When to refer for Cognitive Behavioral Therapy?
- Difficulty adjusting to new life change
- Lifestyle changes have not been effective or patient has had difficulty implementing changes
- Patient is averse to medication intervention
- School/Social/Family avoidance
- There are clear environmental stressors/triggers for headaches
- Parents are exhibiting enabling behaviors
- Tendency toward internalization, perfectionism
- Conflictual interactions among patient-parent/family/sibling
Characteristics of CBT
- Thoughts, feelings, behaviors = interconnected
- Brief and time-limited (in this setting)
- Emphasis on current behavior
- Collaboration between therapist and family
- Family role - define goals, express concerns, learn & implement learning
- Therapist role - help family define goals, listen, teach, encourage
- Based on "rational thought"
- Facts, not assumptions
- Structured and directive
- Assumption that most emotional and behavioral reactions are learned
- Therefore, goal of therapy is to help clients unlearn unwanted reactions and learn new ways of responding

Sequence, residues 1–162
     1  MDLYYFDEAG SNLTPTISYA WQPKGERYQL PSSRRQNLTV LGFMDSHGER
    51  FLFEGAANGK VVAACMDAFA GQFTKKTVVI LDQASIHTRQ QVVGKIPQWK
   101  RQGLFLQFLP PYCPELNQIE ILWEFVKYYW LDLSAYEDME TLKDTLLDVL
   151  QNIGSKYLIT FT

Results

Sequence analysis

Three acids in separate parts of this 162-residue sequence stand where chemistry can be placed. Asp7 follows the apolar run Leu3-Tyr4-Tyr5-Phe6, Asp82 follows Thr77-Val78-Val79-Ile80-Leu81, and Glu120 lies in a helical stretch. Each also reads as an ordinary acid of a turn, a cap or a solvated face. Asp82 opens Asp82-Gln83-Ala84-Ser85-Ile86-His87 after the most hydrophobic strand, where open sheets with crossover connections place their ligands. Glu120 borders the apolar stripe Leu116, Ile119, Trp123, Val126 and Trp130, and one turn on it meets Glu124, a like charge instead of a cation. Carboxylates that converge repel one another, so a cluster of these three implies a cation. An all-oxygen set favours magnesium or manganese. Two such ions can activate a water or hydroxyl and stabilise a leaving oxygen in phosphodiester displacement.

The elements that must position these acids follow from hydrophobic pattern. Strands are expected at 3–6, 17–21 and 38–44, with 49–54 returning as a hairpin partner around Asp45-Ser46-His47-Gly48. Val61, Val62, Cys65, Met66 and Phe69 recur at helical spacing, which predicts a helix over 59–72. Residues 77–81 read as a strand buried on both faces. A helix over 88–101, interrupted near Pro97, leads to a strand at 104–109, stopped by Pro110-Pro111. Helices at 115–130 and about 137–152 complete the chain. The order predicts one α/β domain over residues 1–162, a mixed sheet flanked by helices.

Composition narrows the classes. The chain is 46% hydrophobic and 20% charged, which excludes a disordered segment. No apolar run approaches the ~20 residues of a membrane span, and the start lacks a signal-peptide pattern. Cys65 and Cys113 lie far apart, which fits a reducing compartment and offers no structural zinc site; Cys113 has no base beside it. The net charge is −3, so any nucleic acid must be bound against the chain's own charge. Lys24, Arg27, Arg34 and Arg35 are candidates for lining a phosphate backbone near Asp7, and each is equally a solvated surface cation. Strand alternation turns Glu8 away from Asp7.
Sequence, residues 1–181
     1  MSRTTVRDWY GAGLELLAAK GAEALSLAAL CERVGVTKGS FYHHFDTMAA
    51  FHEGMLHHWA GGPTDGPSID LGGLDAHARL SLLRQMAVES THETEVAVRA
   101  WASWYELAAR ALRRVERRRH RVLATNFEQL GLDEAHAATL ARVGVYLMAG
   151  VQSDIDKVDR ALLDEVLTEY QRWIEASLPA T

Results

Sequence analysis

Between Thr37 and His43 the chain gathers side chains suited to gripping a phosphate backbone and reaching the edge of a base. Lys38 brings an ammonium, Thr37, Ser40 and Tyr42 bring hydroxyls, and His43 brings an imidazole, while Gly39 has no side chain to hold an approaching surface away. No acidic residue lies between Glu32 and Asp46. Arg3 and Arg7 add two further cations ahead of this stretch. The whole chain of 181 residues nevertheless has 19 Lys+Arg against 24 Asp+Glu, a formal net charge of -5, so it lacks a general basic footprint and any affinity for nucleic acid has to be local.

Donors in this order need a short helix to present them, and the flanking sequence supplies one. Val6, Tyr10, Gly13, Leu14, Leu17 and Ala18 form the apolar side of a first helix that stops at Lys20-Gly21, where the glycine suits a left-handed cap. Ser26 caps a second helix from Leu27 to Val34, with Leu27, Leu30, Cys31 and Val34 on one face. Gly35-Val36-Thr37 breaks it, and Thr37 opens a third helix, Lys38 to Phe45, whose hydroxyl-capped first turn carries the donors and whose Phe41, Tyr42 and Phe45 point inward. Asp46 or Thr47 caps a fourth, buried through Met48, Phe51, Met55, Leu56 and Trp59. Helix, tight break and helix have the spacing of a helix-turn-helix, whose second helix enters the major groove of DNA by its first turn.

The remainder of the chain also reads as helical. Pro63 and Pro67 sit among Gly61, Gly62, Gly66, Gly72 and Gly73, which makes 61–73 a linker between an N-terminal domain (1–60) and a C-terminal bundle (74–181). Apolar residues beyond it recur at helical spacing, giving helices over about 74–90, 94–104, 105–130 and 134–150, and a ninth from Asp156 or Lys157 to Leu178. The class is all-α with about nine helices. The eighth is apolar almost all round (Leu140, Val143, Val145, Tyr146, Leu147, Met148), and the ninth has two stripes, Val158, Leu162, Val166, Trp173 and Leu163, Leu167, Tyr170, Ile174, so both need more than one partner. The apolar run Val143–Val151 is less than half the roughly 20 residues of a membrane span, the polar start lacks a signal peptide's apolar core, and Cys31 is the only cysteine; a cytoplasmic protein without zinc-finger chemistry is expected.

- Homework is core feature
- Help the patient challenge the cognitive distortions
- Anxious brain vs. rational brain
- What's the evidence for and against the thought?
- How would you think about this if it were your friend?
- Perspective taking (will it matter in a year)?
- Can use what category the cognitive distortion fits into to help with thought challenging
- If it's an all-or-nothing thought, introduce some doubt to make it a "maybe" thought
Conceptualization Rehabilitation Model
- Pain may or may not get better
- Focus on independent functioning
- Signs of progress
- Increased functioning
- Enhanced coping
- Improved self-efficacy
Role of Pediatric Psychology
- "It's hard enough being X years old, let alone having chronic pain"
- "I've worked with a lot of kids who have similar difficulties"
- "Your pain is real"
- "Pain is multifactorial" /Biopsychosocial Model/ Gate Theory of Pain
Non-Threatening Description of Role
- "I look for pain patterns / triggers, and ways to help you develop coping skills"
Positive and/or corrective emotional experience
- To promote engagement and adherence
Pain reducing behaviors:
Pain promoting behaviors:
Teach parents to:
- Minimize their reactions to child's pain
- Praise child for self-management of pain
- Praise child for engaging in normal activities despite pain
- Ignore when appropriate
- Eliminate status checks